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D Cox Forum Pro • Posts: 21,099
Re: Need help for shutter speed & aperture

Abby729 wrote:

all_digital wrote:

If your subject is moving then a faster shutters speed is needed to stop motion. If the subject is not moving then you could use a slower shutter speed and if you have image stabilization you may be able to shoot as low as 1/25 sec.

If you are shooting in low light then the solution is either a tripod for long exposures of still subjects or use of flash,

No, I am using nikon d5100 so don't have image stabilizer. What optimisation can I do if I'm shooting indoor and I would like to use smaller aperture for example f ~8 without have to increase ISO more than 800?

If shooting still subjects indoors (by the available light), use a tripod. If the subjects are moving around, try to rest you elbows on a table, or tilt the LCD out and hold the camera at waist level with elbows to your sides -- anything you can do to reduce camera movement. Squeeze the shutter release gently, don't push or stab at it.

If all else fails, buy a tungsten halogen site light.

juvx
juvx Senior Member • Posts: 1,536
More info

Abby729 wrote:

I am a newbie. I would like to ask about relationship between shutter speed, aperture & ISO. I often can't get sharp image. I read that I will need to increase shutter speed to prevent blurred image. While taking picture handheld, the shutter speed shouldn't get lesser than 1/50s? I can use 1/50s only when I use f2.8. But sometime I want more objects to be in focus, so I increase aperture, but the shutter speed will then decrease to below 1/50s. I am trying to not using very high ISO as I would like if my photo can be as sharp as possible. If I insist to use more than 1/50s using S mode, then the photo will be lack of light. I am really confused, especially I usually taking indoor photos.

Need more info like what camera and lens are you using?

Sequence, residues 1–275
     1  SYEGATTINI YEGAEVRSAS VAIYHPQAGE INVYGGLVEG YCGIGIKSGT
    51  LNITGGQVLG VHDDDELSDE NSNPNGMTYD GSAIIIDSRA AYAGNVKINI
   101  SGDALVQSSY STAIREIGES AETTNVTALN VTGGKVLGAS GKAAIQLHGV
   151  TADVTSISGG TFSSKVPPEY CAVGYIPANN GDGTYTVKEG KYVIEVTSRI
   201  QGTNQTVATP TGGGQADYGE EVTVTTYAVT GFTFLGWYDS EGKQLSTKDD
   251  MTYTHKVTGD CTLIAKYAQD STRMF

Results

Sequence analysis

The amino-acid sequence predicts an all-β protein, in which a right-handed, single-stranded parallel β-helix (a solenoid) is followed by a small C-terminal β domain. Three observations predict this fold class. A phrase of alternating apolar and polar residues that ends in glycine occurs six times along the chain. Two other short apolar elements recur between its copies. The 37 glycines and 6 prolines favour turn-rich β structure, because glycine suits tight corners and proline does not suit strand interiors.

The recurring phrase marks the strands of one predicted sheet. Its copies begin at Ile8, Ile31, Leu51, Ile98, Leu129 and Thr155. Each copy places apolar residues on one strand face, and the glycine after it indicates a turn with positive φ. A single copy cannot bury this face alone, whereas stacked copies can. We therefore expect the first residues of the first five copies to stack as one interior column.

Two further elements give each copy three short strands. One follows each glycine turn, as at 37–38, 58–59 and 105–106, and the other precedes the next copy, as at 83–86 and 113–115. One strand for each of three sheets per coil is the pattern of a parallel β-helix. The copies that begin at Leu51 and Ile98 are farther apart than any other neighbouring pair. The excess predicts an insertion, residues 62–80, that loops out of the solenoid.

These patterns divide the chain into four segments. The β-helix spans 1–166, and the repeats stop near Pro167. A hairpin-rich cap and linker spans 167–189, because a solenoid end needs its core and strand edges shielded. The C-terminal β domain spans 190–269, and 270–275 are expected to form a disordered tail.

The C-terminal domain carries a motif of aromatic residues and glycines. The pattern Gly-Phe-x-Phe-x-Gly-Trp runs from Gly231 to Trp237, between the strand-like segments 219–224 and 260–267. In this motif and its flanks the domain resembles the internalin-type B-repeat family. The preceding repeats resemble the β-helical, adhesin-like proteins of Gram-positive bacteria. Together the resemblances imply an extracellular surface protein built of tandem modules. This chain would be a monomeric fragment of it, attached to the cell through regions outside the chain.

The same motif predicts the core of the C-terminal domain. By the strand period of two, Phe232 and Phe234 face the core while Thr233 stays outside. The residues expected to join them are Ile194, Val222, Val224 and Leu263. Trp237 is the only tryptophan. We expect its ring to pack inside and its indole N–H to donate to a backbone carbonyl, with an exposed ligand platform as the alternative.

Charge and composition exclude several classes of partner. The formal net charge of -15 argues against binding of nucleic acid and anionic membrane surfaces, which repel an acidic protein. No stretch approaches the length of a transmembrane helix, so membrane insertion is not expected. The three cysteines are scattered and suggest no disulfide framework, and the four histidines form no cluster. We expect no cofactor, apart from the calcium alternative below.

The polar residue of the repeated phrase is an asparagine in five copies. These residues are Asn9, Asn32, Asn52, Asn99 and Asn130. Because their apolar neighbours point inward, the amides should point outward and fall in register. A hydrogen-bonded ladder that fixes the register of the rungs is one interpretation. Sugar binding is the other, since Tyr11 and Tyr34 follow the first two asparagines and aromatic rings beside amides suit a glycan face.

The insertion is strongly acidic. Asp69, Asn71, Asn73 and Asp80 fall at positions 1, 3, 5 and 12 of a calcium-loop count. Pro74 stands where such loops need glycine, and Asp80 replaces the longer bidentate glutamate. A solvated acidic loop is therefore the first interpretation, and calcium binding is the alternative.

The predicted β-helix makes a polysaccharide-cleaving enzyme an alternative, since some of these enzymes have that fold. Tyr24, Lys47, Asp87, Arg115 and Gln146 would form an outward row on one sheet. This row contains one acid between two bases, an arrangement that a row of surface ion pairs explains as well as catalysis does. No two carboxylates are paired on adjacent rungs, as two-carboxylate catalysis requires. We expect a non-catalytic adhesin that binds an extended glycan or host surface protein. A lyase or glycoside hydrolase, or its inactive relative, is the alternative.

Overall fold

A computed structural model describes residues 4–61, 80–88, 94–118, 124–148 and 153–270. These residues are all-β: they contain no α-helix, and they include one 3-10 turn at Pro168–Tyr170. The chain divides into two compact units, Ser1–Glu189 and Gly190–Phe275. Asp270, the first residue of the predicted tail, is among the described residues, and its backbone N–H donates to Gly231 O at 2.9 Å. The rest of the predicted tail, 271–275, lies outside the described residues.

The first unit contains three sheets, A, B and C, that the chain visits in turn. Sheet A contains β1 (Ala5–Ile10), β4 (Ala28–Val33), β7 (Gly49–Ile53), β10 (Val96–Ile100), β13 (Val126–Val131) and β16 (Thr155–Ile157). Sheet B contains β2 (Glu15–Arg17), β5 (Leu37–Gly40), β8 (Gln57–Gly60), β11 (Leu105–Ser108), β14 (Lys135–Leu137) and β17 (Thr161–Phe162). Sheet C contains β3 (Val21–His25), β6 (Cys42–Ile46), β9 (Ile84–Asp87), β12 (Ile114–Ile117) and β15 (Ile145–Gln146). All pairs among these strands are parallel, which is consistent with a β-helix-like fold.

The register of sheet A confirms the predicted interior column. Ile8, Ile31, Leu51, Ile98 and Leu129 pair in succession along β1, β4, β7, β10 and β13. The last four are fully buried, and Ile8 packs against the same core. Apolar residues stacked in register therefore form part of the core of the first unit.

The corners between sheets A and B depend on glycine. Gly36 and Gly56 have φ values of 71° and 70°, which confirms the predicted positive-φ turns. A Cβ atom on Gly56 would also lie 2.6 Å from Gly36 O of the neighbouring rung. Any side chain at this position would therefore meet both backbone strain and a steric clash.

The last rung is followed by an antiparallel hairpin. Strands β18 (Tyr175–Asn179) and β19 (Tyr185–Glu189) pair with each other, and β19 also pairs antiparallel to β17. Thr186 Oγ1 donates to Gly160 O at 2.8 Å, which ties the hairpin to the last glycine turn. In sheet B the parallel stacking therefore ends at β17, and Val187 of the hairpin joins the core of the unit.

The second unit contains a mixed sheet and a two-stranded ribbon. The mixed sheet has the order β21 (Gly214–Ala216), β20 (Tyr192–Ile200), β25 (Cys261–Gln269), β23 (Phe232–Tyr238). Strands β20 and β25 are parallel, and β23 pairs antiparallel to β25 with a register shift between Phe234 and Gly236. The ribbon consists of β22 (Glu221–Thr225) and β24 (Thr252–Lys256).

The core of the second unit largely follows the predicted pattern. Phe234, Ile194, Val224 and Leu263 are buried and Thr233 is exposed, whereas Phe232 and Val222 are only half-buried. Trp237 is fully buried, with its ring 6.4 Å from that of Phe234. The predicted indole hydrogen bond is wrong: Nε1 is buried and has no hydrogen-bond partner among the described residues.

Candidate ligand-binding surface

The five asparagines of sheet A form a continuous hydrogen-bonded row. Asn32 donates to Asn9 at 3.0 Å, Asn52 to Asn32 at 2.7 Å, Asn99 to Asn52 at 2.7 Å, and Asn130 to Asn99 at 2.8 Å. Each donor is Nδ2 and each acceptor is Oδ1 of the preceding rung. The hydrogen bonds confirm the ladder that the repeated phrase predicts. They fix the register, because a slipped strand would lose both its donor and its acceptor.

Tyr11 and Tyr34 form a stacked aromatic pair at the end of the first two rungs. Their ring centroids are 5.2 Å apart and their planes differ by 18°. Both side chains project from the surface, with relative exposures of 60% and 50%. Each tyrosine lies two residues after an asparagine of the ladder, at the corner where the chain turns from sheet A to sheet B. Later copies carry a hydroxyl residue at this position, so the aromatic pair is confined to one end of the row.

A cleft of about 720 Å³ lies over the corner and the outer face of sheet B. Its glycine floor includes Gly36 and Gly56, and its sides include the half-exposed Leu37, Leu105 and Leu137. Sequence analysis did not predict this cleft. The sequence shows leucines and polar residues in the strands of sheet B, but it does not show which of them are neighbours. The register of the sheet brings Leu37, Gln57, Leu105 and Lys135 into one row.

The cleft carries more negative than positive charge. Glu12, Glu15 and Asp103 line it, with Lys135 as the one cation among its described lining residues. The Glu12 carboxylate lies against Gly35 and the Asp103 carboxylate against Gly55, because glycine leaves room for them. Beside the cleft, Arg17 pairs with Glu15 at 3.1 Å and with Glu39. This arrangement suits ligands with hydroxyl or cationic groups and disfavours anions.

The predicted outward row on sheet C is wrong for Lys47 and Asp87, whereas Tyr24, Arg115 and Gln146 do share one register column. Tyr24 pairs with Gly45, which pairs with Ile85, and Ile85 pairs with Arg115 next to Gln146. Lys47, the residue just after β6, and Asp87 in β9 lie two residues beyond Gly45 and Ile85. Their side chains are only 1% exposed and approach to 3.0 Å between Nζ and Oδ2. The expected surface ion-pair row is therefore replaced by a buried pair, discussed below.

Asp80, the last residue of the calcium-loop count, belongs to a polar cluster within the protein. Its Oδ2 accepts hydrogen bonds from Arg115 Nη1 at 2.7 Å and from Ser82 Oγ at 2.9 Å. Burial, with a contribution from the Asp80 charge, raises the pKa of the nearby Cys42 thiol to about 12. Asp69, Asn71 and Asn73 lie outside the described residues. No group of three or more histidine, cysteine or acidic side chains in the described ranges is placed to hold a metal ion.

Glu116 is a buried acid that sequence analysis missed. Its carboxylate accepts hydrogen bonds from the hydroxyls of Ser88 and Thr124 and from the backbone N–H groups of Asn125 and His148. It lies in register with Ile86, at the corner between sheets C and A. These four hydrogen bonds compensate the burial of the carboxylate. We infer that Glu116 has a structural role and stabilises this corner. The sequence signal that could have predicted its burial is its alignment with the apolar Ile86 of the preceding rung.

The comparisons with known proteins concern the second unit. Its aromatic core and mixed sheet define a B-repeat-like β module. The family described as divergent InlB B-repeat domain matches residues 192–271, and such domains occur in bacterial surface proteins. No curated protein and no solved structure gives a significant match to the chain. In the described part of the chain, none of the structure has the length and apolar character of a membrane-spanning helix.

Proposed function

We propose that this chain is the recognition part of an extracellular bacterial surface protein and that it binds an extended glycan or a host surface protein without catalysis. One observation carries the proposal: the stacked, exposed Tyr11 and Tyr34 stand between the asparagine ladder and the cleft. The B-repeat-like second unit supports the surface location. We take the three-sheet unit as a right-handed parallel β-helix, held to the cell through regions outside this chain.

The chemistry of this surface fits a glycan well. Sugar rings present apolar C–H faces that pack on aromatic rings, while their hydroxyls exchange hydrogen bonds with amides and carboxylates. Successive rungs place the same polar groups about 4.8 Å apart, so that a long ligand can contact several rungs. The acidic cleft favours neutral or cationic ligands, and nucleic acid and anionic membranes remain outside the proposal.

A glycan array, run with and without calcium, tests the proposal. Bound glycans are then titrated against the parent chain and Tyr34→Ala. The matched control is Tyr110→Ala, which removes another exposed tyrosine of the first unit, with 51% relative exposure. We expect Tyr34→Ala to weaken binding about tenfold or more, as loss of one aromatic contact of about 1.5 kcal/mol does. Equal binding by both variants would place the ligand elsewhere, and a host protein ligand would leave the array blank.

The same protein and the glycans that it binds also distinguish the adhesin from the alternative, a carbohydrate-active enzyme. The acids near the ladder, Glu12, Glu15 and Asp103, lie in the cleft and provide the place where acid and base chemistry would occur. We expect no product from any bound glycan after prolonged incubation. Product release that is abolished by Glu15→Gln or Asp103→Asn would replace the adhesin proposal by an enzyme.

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leno Senior Member • Posts: 1,257
Re: More info

juvx wrote:

Abby729 wrote:

I am a newbie. I would like to ask about relationship between shutter speed, aperture & ISO. I often can't get sharp image. I read that I will need to increase shutter speed to prevent blurred image. While taking picture handheld, the shutter speed shouldn't get lesser than 1/50s? I can use 1/50s only when I use f2.8. But sometime I want more objects to be in focus, so I increase aperture, but the shutter speed will then decrease to below 1/50s. I am trying to not using very high ISO as I would like if my photo can be as sharp as possible. If I insist to use more than 1/50s using S mode, then the photo will be lack of light. I am really confused, especially I usually taking indoor photos.

Need more info like what camera and lens are you using?

The information is avalibe if you read the whole discourse.

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peterharvey Contributing Member • Posts: 920
Re: Need help for shutter speed & aperture

Abby729 wrote:

I am a newbie. I would like to ask about relationship between shutter speed, aperture & ISO. I often can't get sharp image. I read that I will need to increase shutter speed to prevent blurred image. While taking picture handheld, the shutter speed shouldn't get lesser than 1/50s? I can use 1/50s only when I use f2.8.